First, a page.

And about suturing. Is it a true benefit to hire a midwife that can sew up a tear? I offer that it is NOT. Unless she has been a surgeon in another life, most midwives don't suture tears nearly enough to be quick, accurate and proficient. And, if she IS that quick, accurate and proficient, you should really find out why. I have known at least a few midwives to suture for fun/practice. Tearing to a degree that requires sutures is a pretty serious thing and a situation, again, not usually encountered when birth is allowed to proceed physiologically. My feeling is that serious tears need to be sewn by a surgeon. Any minor tears probably should be left alone for natural healing. End of story.
And that one leads me into the standard equipment and drugs line of questions. THIS one is super fascinating and gonna really go against the grain. In fact, you may still expect that the answer to doing/carrying all this "stuff" is a MUST for any midwife that will be at your home for your birth. But guess what? It is an illusion of safety. Drugs (specifically for hemorrhage) and most of all oxygen DO NOT make a midwife safe. In fact, I'd argue after recent study (with the all amazing Jill McDanal) that if a midwife you are considering carries oxygen and thinks it is vital for a home birth that you RUN. Sound harsh?
I don't think so. Remember that "hospital birth at home" statement? That's really the bottom line when it comes to bringing drugs (and oxygen IS a drug!) into the home for birth. I don't want to give away all the wonderful knowledge, time and committment that Jill has been putting into educating midwives about the dangers of using oxygen, so I won't. But I will say that I would never consider oxygen for use in labor for mom (and baby) unless I also acknowledged that the birth would need to happen in the hospital. The same goes for hemorrhage drugs. Once you learn about the action these drugs have on the body, the inept way they attempt to treat complications, as well as the risk factors and side effects, you won't want them anywhere near your homebirth.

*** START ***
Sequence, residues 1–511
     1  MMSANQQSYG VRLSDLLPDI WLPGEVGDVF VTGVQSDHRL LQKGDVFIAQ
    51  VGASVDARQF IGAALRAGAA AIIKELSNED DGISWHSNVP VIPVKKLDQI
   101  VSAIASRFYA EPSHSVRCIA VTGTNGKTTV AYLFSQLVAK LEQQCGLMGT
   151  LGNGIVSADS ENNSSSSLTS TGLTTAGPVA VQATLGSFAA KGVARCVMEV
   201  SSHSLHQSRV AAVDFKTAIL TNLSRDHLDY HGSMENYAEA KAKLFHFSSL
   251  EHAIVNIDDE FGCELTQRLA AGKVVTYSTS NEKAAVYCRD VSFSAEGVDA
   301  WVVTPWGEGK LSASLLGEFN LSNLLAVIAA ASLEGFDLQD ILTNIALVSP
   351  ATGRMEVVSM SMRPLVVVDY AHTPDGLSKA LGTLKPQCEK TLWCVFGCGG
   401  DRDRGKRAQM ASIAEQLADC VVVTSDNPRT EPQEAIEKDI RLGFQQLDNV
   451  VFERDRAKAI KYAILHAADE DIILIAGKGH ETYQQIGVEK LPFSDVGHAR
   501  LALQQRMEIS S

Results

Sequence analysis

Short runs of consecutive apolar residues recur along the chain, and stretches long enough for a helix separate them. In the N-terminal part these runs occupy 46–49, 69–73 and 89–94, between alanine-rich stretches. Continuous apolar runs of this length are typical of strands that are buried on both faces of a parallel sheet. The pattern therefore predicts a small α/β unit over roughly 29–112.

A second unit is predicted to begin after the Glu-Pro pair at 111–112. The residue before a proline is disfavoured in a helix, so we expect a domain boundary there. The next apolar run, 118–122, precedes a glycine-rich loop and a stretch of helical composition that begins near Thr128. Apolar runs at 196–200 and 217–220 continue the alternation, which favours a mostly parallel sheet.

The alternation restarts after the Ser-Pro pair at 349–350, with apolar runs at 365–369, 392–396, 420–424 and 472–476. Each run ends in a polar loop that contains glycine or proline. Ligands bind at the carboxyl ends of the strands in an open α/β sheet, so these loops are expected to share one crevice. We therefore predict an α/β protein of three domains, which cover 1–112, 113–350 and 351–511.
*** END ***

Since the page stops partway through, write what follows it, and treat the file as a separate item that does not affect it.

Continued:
(On the other hand, if there IS truly an emergency that warrants medical treatment, you don't belong at home anyway! This has been interpreted as me saying that postpartum hemorrhage NEVER happens; in normal, healthy women in developed countries, true hemorrhage is rare. However, for midwives in the US (and other developed countries) that have hospitals on every corner and are routinely administering Pitocin without need and without knowledge of other options, as well as lack of knowledge about how the drug works and what else it may do to someone...THAT is what I am referring to. If you are considering hiring a midwife that is "permitted" to carry these drugs, ask around in your community to discover how many women she's used them on, and why and how many women were told they needed it, etc. We are talking about a ROUTINE, blatant misuse of a drug in a home setting, and this is NOT appropriate. Once again...a birth that takes a turn for the medical, needs to happen in a medical setting. If many of her births end up happening in a medical setting, you need to ask why.)
What tests am I required to do and/or what testing do you recommend?
So, this one is a trick question, in a way. If there are ANY tests that are "required", according to the midwife and/or her license, you should really think about what that means for you. Some women don't mind signing up for testing , necessary or not. I tend to think it is a fairly big deal to be completely autonomous with your choices in pregnancy. I personally don't care what is "required" or not because every choice, every test, every EVERYTHING is a choice that YOU need to make. Not a blind or influenced or biased choice. But a choice that you come to, based on what you know and believe. If there are tests offered, you should be completely satisfied with the education you have received (and done yourself) before you make a choice. Remember, it is not "informed CONSENT", but informed CHOICE.
Hopefully you will notice a pattern with these potential questions and answers. My message is that YOU are in control of your pregnancy, birth and experience as a mother. If you are looking for someone to guide and support you in YOUR experience, then consider these "non-traditional" responses when interviewing your next midwife. Blessings on your journey!
The brilliant Jill McDanal is currently teaching a 4 week distance course, "The Truth About Oxygen". I wholeheartedly recommend exposing yourself to Jill and her cutting edge knowledge; either before you bring an oxygen tank to a birth or before you consider hiring a midwife that does. She can be reached at truth.about.oxygen at gmail.com